Don’t be afraid to be different!

As a therapist, I have found myself becoming increasingly frustrated with where this profession, the profession which I love is headed.

I was previously “forced” to be a member of the National Association of Social Workers (NASW) in order to get my liability insurance renewed. This was rescinded the following year I am hoping as a result of what I can only imagine are the numerous complaints which this organization has received. The last time I was a member of this organization was sometime in the early 90’s. I didn’t know what they did for social workers then and I still don’t know what they do for social workers. I remain on an email list and smile when I read the headings of the content. The majority of the content starts with “What social workers should think about…..” No thank you. I am very capable of thinking on my own and no I am not interested in who was identified as “Social Worker of the Year.”

I was raised to believe as Steve Jobs had said: “Think Different.” I love my approach to change as do my clients. It works. No fancy bullshit just real, honest feedback.

I was a fan of Charles Bukowski long before it was “cool.” I love Quentin Tarantino movies and other artists who are willing to risk thinking outside the box.

These people are/were game changers. They wouldn’t think twice about coloring outside the lines and breaking the rules.

Ya want to get better? Break the rules!

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Are you Living or just Surviving?

What follows is a letter written in 1958 by a then 22-year-old Hunter S. Thompson. Hunter wrote this letter to his friend Hume logan after Hume had asked him how one can find meaning and purpose in life.

I hear complaints frequently in my work as a therapist. People come to me complaining they feel ‘burned out’, stressed; that they cannot ‘find the time” to do the things they want to do, that their time is taken up by the things they ‘need to do.’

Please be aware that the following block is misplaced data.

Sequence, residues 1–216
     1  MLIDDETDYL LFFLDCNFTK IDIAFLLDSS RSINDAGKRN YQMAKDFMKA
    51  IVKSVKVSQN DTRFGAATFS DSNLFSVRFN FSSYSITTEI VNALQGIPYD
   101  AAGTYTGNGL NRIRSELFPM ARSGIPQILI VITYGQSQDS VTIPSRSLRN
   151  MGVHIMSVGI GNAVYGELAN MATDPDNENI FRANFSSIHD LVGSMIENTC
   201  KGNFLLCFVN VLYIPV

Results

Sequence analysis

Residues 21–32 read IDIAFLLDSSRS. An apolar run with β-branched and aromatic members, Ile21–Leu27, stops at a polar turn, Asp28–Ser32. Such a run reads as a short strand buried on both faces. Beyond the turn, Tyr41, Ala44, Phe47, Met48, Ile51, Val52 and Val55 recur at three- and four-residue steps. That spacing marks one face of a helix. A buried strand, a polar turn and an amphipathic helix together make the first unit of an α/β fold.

The majority of my clients do not want to hear my response. They want medication or another ‘quick fix.’ As Hunter says in his letter to Hume, there is no quick fix. Hunter talks about the importance of identifying a goal. This is another issue that the majority of my clients struggle to understand. They come to therapy with a vague goal of ‘wanting to feel better.’ Trying to ferret out a more in-depth response is often a difficult proposition which is precisely why so many of us struggle to find our way. We remain adrift throughout life like a sailboat lacking a rudder. Wind can fill our sails but lacking a rudder to ensure we are traveling in the right direction will get us nowhere.

I am going to let Hunter take it from here and share his thoughts on this question.

April 22, 1958
57 Perry Street
New York City

Dear Hume,

You ask advice: ah, what a very human and very dangerous thing to do! For to give advice to a man who asks what to do with his life implies something very close to egomania. To presume to point a man to the right and ultimate goal — to point with a trembling finger in the RIGHT direction is something only a fool would take upon himself.

I am not a fool, but I respect your sincerity in asking my advice. I ask you though, in listening to what I say, to remember that all advice can only be a product of the man who gives it. What is truth to one may be disaster to another. I do not see life through your eyes, nor you through mine. If I were to attempt to give you specific advice, it would be too much like the blind leading the blind.

“To be, or not to be: that is the question: Whether ’tis nobler in the mind to suffer the slings and arrows of outrageous fortune, or to take arms against a sea of troubles …” (Shakespeare)